“Quality is difficult to manage because it is often where people want to cut corners.  A product might work for most cases but the boundary conditions or edge cases show much different results.  As we all know, you only get one chance to make a first impression.”

On the same topic, if you know that you suck at planning and factor this in next time, it might actually prove a little useful ;-)

Get ‘Programming Windows 6th Edition’ by Charles Petzold for $10!

Programming Windows 6th Edition

O’Reilly has a special offer on the new book that Charles Petzold is working on, Programming Windows 6th Edition. This should be a great book covering Windows 8 app development in C# and XAML.

You can get this book for $10 now (offer lasts till 31st May), and future editions of this book, as and when new chapters are added, will be available to you for free.

Read more at Charles’ blog here:

Shop at:

‘CODE’ by Charles Petzold: An absolute must read

You know how sometimes you come across a book and you go “I wish I had read this years ago!”. CODE is just that book. It’s a book about how computers work and the way in which Charles Petzold flows through the topics is pure artistry. Those electronics class lessons in college would have been much more interesting if I had read this book then ;)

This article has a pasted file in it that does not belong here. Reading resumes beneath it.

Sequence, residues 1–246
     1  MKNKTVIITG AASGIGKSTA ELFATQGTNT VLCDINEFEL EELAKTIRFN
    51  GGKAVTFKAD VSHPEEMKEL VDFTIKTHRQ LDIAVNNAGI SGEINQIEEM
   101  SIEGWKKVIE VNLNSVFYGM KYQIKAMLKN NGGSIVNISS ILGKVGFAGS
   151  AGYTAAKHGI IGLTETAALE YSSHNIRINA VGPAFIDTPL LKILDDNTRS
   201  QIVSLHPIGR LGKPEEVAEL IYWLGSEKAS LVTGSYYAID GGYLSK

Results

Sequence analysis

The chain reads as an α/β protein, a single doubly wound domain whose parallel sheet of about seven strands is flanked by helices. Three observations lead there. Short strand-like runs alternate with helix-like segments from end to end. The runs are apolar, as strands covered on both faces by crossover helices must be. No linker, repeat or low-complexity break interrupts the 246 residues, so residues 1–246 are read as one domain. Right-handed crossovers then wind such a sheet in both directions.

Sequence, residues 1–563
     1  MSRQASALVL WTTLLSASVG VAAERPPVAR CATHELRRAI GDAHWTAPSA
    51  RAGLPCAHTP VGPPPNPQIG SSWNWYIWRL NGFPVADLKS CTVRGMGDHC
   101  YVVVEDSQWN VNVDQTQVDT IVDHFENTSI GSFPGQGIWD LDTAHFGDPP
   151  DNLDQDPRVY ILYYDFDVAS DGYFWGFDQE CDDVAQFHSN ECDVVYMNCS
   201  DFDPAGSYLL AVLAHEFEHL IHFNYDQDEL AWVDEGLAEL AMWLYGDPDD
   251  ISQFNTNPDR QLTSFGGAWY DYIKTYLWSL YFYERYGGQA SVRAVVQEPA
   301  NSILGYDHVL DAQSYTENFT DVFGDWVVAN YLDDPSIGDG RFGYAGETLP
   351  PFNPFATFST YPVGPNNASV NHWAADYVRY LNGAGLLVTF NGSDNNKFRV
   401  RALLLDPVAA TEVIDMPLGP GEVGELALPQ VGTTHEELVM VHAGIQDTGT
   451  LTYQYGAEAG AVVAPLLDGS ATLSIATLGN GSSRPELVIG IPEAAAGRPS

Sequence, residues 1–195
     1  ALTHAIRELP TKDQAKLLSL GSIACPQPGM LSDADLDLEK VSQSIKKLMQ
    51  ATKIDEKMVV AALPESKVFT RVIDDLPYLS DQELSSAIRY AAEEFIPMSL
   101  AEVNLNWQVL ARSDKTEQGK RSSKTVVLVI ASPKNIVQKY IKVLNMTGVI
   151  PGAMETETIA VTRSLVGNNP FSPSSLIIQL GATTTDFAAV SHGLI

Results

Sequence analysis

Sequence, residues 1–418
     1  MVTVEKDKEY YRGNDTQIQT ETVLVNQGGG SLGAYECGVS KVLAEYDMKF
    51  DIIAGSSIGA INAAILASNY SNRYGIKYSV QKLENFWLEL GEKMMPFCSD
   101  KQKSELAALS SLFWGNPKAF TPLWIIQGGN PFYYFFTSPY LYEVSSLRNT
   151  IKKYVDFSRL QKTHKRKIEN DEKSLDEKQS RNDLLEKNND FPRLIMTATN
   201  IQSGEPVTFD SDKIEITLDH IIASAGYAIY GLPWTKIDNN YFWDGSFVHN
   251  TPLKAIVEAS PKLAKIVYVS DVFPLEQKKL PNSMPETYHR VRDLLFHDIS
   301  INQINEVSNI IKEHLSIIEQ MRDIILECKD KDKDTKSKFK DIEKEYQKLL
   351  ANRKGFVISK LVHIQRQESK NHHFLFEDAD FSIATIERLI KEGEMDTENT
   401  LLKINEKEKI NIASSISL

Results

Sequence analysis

The book starts off with two best friends trying to communicate from across the street using only flashlights. This is how the idea of ‘code’ is introduced. It then takes you through a journey involving Morse Code, Braille and how telegraphs and relays were used to send codes over long distances. For me, the most interesting part is when he starts building logic gates from relays and switches. This lays a solid foundation for things to come. These logic gates are then used to build half-adders, full-adders (using two half-adders), oscillators, flip-flops and latches; finally getting assembled into a unit of Random Access Memory. Towards the end, a simple computer with processing, input and output systems is designed. The book might be a little old but still very relevant.

The most amazing thing about this book? It teaches you concepts at such a fundamental level that your mind will be blown. And before you know it you will be building ripple counters from flip-flops! If you have anything to do with computers go read this book. You won’t be disappointed.

CODE on flipkart

CODE on Amazon